Apple has warned some long-time users of its iCloud online storage and syncing service that the free 20GB of storage given them two years ago will disappear at the end of September.
The warnings were sent only to customers who had earlier subscribed to iCloud's predecessor, the problem-plagued MobileMe.
During the switch from MobileMe to iCloud -- a process that started in October 2011 and ended in June 2012 -- Apple offered an additional 20GB of storage to MobileMe subscribers, who had paid $99 annually for that amount of space. The 20GB was atop the standard 5GB all iCloud users received, giving former MobileMe customers a total of 25GB.
Last year, Apple pegged Sept. 30, 2012, as the end of the free ride, an extension from an earlier June 30 deadline. Before the cut-off date, however, Apple extended the 20GB deal another 12 months to Sept. 30, 2013.
To keep the 25GB, customers must soon fork over $40 a year.
"When it expires, your iCloud storage will be automatically adjusted to the free 5GB plan," Apple said in its email to customers. "If you exceed your storage plan on September 30, 2013, iCloud Backup, Documents in the Cloud, and iCloud Mail will temporarily stop working. To continue using these iCloud features without interruption, reduce the amount of iCloud storage you are using or purchase a storage plan by September 30, 2013."
Apple also offers 10GB of additional space for $20 annually, and 50GB for $100 per year, for totals of 15GB and 55GB, respectively.
iCloud's prices are much higher than rival storage services. Microsoft, for example, sells an additional 20GB -- atop the 7GB it gives free to every user -- in its SkyDrive service for just $10 annually, or a fourth Apple's price for the same amount. Google provides customers of its Google Drive 15GB free of charge. And DropBox, which offers only 2GB free, charges $99 for 100GB, the same price as Apple levies for half as much space.
Of the major players -- Apple, Google and Microsoft -- the latter's SkyDrive is the least expensive across the board. (But Microsoft has its own problems with SkyDrive; it must rename the service after reaching a settlement with the U.K.-based British Sky Broadcasting (BSkyB) Group in the wake of a trademark lawsuit loss.)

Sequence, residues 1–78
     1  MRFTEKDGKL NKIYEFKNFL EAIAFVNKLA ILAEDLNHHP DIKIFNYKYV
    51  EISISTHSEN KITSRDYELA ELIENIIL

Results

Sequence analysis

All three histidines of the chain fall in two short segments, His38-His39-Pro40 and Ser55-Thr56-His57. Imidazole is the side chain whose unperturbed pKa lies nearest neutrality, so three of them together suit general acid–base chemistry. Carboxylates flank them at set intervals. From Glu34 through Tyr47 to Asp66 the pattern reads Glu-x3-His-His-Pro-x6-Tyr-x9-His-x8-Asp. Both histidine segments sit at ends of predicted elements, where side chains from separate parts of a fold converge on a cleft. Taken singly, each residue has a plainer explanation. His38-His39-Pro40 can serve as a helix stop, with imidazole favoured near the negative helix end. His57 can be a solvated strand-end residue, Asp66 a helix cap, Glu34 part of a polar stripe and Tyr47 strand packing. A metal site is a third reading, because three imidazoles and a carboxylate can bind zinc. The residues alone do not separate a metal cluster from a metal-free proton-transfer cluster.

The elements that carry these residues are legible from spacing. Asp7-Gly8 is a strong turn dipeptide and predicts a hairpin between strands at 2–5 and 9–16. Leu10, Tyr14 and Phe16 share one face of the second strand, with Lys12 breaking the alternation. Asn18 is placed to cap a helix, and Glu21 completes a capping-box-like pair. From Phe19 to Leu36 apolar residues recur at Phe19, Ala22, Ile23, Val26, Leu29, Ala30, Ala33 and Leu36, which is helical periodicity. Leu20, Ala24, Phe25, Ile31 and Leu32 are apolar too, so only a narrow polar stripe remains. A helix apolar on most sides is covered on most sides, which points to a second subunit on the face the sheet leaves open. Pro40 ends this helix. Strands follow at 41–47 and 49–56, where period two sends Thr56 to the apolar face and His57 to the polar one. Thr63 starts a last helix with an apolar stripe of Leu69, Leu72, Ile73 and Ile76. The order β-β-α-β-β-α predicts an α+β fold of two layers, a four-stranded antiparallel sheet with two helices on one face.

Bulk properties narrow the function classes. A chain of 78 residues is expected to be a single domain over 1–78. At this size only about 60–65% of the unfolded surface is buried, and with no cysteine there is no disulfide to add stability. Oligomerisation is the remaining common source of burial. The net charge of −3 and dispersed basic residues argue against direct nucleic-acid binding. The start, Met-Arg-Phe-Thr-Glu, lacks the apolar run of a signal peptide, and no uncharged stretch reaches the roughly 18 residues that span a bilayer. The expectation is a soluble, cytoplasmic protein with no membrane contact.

Apple has been aggressively pushing iCloud, not only to customers but also to developers, as part of an overall strategy to maximize service revenue. For instance, developers of OS X applications that rely on iCloud for file storage must sell their software in Apple's Mac App Store, where Apple is entitled to its 30% cut of all revenue.
The Cupertino, Calif. company has been touting the revenue from its services and app and music stores lately. In the quarter that ended June 30, that division reported revenue of $4 billion, or about 11% of the total.
Apple has also placed restrictions on rivals. In 2012, Apple rejected several iOS apps because they relied on DropBox for storing data and files. To solve the problem, DropBox modified its SDK, or software development kit, so that third-party developers could not steer customers toward a website where they could sign up for the file-sharing service and purchase additional storage.
iCloud is used for storing photographs, email messages, iOS device backups, iWork documents and files generated by a wide range of third-party desktop and mobile apps. The service will be used for password storage -- iCloud Keychain -- for Apple devices this fall when iOS 7 and OS X Mavericks are released.
The online versions of Pages, Numbers and Keynote -- collectively dubbed iWork for iCloud -- will also store their documents in iCloud. The online apps are currently in beta, although that program has been expanded in the last few weeks from developers-only to some members of the general public.
As Apple said in its email and repeated on its support site, if a customer has more than 5GB, backup, file storage and mail will stop working until files have been purged or more space purchased.
Apple has posted instructions for customers who want to check the amount of storage they now consume.
Gregg Keizer covers Microsoft, security issues, Apple, Web browsers and general technology breaking news for Computerworld. Follow Gregg on Twitter at @gkeizer, on Google+ or subscribe to Gregg's RSS feed . His email address is firstname.lastname@example.org.